Sunday, February 6, 2011

Observations on Ronald Reagan

RonaldReagan100Ronald Reagan, the nation’s 4oth president, was born a century ago today.  Like most presidents, he was on the public stage for a long time but, in his case, a good part was literally on the stage as an actor.  His first career, in fact, provided a very helpful springboard into politics.

My earliest recollection of Reagan was as the tall, handsome and very cowboy-looking host of the old Death Valley Days show.  He would introduce the half-hour show and then come back and offer a few additional words. 

I also remember him shuttling back and forth at the 1968 Republican convention.  The television image, again, showed a  confident man, offering an alternative to Richard Nixon. 

Eight years later, he seemed to be a more determined fellow, regularly scoring points on Gerald Ford in their quest for the Republican nomination.  Reagan came within a whisker of securing the nomination, which seemed highly surprising at the time, and immediately laid the groundwork for the next convention.

In 1979, I worked full-time on George Bush’s presidential campaign.  I was impressed by Bush’s credentials.  In my mind, Reagan could not possibly be elected.  But, of course, things all came to together for him and he easily defeated Bush and then incumbent Jimmy Carter.

Because of my Bush connections, I was able to join the Reagan administration.  And, like most, those eight years represented my closest observation of a man who has become a conservative icon.  Certainly, I remember his communication skills.  Sometimes not so great off the cuff, but perhaps unrivaled in his ability to deliver a powerful speech.  Sure, his acting skills helped—so what?  He exuded self assurance, resolve, humor and leadership.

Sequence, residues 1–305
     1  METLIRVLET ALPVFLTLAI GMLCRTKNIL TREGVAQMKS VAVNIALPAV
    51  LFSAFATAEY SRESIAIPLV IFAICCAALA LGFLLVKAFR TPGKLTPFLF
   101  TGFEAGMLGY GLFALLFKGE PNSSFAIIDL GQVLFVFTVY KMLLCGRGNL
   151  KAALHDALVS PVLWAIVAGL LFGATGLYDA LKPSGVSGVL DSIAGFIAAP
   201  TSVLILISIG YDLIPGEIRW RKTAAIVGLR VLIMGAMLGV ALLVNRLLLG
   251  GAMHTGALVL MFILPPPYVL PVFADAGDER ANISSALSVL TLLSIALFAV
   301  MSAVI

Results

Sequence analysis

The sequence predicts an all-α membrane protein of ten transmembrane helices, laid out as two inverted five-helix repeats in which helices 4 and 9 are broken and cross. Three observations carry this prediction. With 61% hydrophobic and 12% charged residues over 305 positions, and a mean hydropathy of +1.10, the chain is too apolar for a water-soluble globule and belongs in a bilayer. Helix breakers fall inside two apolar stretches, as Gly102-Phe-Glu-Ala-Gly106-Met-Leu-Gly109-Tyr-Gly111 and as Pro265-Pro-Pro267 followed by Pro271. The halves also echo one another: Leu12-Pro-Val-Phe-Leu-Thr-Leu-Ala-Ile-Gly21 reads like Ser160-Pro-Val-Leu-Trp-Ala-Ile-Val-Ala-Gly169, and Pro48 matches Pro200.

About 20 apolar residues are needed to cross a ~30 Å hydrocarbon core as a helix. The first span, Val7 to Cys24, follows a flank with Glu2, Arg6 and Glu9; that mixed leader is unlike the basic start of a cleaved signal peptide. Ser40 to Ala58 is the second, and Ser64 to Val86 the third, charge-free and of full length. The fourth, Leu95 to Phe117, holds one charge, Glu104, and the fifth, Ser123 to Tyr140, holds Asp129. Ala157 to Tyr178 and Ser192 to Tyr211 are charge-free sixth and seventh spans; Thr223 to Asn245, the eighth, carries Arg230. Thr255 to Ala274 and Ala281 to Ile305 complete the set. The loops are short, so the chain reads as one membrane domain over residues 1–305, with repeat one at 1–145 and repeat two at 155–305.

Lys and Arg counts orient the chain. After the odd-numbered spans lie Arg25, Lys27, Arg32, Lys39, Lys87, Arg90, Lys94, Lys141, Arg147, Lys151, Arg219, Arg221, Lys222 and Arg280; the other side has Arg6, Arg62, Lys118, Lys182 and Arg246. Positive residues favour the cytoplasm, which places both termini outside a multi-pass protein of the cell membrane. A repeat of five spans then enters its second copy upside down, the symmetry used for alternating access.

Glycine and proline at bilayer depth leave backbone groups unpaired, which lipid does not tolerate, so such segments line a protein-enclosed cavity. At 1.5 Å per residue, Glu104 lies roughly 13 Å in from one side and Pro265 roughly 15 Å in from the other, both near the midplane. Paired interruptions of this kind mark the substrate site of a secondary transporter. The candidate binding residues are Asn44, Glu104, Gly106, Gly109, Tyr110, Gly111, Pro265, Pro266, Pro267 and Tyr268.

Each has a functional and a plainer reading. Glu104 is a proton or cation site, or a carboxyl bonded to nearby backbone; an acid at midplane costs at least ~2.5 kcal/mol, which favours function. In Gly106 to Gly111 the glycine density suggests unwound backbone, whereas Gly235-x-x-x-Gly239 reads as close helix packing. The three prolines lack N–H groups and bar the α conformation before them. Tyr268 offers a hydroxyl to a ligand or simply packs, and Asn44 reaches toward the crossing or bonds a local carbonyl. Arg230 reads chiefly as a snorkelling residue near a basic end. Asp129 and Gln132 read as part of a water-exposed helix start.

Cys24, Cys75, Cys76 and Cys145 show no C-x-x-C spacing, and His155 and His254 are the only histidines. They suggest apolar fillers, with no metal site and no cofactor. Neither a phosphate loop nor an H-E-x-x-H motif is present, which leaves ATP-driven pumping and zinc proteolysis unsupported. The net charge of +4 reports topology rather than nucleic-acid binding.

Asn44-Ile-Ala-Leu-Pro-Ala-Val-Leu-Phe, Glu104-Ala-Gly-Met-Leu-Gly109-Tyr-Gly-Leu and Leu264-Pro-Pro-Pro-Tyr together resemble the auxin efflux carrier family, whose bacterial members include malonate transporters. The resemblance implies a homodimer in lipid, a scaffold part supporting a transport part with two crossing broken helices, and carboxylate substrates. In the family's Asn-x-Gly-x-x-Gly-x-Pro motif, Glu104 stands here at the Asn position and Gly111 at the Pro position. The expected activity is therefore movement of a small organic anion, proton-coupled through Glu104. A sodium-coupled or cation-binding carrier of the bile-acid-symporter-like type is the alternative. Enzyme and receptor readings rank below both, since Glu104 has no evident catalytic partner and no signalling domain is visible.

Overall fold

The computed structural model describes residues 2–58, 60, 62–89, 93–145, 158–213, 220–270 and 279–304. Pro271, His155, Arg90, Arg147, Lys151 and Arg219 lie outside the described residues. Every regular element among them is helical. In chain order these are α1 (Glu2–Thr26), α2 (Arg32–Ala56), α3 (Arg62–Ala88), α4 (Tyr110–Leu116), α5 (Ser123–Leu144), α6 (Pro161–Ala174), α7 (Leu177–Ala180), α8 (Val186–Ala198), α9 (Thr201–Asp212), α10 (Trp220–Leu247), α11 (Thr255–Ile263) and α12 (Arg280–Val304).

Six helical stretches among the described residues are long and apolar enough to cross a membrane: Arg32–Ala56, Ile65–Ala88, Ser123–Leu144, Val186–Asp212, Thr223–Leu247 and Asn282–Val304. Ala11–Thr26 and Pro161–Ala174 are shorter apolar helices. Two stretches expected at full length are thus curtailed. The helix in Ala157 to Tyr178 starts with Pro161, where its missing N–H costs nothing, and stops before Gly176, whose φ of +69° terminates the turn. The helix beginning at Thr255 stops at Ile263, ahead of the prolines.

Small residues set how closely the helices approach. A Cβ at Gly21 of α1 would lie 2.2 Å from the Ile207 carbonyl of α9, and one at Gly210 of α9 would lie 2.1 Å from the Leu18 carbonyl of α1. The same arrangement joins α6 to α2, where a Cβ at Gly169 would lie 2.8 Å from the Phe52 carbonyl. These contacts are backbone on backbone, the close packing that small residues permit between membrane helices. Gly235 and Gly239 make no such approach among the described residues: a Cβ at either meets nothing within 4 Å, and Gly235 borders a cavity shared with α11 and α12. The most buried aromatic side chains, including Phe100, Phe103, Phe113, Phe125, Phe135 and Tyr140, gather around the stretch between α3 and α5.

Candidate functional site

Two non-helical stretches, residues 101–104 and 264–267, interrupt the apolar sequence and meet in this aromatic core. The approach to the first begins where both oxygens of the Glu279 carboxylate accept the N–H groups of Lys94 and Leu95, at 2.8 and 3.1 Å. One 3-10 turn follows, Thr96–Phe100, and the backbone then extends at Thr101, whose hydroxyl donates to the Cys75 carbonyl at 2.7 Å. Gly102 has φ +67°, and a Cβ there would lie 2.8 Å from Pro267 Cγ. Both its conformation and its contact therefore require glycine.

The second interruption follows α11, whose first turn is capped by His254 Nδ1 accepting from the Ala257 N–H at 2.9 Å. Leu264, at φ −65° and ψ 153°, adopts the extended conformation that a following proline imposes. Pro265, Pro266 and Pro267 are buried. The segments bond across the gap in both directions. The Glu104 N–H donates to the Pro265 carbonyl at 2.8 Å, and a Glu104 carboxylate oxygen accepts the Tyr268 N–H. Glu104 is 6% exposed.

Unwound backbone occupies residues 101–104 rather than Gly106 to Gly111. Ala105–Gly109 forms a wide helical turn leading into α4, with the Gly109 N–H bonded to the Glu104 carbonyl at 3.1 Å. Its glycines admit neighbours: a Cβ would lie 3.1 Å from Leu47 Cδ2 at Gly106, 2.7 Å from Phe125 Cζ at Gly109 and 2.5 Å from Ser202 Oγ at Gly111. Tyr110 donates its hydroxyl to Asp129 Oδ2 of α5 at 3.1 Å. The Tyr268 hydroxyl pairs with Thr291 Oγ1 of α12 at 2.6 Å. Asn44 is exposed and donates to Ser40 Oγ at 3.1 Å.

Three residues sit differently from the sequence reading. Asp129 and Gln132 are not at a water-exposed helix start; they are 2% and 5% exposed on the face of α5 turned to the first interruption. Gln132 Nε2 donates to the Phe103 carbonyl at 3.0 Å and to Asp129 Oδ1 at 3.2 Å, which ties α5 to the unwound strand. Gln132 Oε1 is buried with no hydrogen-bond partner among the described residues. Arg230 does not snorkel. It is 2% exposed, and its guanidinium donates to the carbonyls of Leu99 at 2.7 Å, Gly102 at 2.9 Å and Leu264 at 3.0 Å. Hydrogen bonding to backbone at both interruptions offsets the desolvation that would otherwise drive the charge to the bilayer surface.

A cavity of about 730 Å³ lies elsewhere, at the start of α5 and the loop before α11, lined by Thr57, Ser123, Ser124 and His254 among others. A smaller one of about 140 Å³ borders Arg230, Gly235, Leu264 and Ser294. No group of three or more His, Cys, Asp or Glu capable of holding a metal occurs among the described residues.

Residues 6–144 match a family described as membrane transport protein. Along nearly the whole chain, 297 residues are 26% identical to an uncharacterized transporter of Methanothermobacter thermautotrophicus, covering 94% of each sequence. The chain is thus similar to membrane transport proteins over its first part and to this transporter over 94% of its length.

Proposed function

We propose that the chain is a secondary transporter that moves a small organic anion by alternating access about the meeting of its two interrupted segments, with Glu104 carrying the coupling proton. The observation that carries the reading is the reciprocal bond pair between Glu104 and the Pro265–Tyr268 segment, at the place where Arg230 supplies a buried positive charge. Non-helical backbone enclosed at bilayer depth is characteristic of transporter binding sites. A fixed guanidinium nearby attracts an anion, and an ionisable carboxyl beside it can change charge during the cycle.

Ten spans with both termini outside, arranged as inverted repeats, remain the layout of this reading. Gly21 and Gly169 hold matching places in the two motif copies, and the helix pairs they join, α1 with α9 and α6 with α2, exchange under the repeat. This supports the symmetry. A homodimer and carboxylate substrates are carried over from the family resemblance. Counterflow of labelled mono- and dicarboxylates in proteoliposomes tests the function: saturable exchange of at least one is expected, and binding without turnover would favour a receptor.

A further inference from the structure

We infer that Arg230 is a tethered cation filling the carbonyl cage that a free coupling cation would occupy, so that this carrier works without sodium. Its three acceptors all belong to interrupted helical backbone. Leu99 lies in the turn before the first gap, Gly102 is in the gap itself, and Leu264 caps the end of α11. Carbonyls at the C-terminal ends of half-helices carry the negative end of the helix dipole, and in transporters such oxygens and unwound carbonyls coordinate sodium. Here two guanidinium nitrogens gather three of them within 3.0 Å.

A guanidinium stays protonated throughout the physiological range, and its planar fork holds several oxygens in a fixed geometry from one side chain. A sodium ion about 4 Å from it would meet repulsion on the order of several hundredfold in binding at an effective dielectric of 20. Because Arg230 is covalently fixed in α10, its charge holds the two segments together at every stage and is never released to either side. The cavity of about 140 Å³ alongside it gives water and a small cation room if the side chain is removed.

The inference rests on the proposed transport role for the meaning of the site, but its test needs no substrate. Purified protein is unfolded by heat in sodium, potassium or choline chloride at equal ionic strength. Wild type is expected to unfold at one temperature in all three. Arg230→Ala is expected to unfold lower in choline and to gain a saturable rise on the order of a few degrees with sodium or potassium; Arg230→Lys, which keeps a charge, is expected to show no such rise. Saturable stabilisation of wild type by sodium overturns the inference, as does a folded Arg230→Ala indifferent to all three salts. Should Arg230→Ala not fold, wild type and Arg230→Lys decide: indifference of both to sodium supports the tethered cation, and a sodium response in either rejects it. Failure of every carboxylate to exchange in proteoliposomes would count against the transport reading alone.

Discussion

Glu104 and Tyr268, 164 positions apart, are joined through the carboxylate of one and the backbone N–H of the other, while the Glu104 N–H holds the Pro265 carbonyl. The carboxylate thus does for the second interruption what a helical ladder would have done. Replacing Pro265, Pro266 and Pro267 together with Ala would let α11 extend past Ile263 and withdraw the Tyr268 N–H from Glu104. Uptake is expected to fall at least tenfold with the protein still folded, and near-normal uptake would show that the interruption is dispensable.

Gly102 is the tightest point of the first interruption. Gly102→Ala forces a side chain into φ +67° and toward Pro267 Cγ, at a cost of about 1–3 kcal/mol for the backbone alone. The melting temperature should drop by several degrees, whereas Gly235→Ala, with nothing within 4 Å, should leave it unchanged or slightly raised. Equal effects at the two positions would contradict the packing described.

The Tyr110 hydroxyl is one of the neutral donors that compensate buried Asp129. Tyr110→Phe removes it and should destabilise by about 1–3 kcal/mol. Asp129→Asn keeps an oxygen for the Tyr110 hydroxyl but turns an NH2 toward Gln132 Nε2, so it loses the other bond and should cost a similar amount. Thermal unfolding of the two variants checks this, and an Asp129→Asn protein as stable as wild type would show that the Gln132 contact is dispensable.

Those were the qualities which made him admired by many and often grudgingly respected by those who disagreed with him.  There was another dimension, and that was a simple humanity.  He had a dogged commitment to promoting his political philosophy and policy goals.  And yet,  Democrats or those opposed him were never considered the enemy but rather those who had a different perspective on how to achieve what was best for America. 

Reagan was always positive and upbeat, rarely negative or critical.  His self-deprecation and geniality often diffused tense situations.  Perhaps more than anything, Ronald Reagan was a quiet, self-assured man who was seemingly at peace with people and the world. 

The record of the Reagan administration, as with all others, is mixed.  Historians and commentators will continue to debate his role in domestic and foreign affairs.  Did he help bring an end to the Soviet Union?  Was his brand of economics fair to all Americans?  What about Iran-Contra?  Just like his one-time political hero, Franklin Roosevelt, Reagan’s legacy will be praised and attacked.

But much can be learned from Reagan.  It is amusing to see various Republican politicians present themselves as an heir to Reagan.  It is amusing because Reagan himself would likely approach many issues differently in 2011 then he did in the 1980s; he was more pragmatic than many recall.  More importantly, they don’t seem to grasp that the magic of Reagan was really his reassuring, non-combative personality.

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